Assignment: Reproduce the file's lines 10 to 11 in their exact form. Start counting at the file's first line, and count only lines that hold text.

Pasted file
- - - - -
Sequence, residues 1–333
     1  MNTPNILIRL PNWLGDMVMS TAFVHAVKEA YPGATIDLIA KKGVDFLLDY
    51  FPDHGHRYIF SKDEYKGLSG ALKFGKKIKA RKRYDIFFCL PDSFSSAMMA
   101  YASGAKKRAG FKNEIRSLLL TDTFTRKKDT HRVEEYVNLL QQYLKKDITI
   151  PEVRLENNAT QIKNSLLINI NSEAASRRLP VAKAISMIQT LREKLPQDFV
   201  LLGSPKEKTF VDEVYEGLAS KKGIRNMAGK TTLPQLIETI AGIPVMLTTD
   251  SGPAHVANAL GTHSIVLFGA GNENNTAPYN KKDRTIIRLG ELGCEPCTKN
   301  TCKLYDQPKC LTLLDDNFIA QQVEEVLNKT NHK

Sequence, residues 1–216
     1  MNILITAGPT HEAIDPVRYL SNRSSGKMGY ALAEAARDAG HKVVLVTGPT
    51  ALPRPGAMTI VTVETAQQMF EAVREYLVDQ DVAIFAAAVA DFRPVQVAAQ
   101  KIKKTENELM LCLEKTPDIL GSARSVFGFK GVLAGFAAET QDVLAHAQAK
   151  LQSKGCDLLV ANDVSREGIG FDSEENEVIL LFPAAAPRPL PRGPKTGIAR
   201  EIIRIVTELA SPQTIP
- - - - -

     1  MNILITAGPT HEAIDPVRYL SNRSSGKMGY ALAEAARDAG HKVVLVTGPT
    51  ALPRPGAMTI VTVETAQQMF EAVREYLVDQ DVAIFAAAVA DFRPVQVAAQ